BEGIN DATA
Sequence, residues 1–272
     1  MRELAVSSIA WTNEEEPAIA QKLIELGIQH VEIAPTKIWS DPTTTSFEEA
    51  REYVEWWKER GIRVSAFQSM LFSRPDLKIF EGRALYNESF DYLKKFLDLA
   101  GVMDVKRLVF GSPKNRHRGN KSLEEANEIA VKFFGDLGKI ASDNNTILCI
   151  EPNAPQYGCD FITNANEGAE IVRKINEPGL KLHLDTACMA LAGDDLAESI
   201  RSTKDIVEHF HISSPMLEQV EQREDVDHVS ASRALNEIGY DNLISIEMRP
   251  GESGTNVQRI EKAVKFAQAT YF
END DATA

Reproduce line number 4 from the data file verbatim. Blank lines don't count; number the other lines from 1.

   101  GVMDVKRLVF GSPKNRHRGN KSLEEANEIA VKFFGDLGKI ASDNNTILCI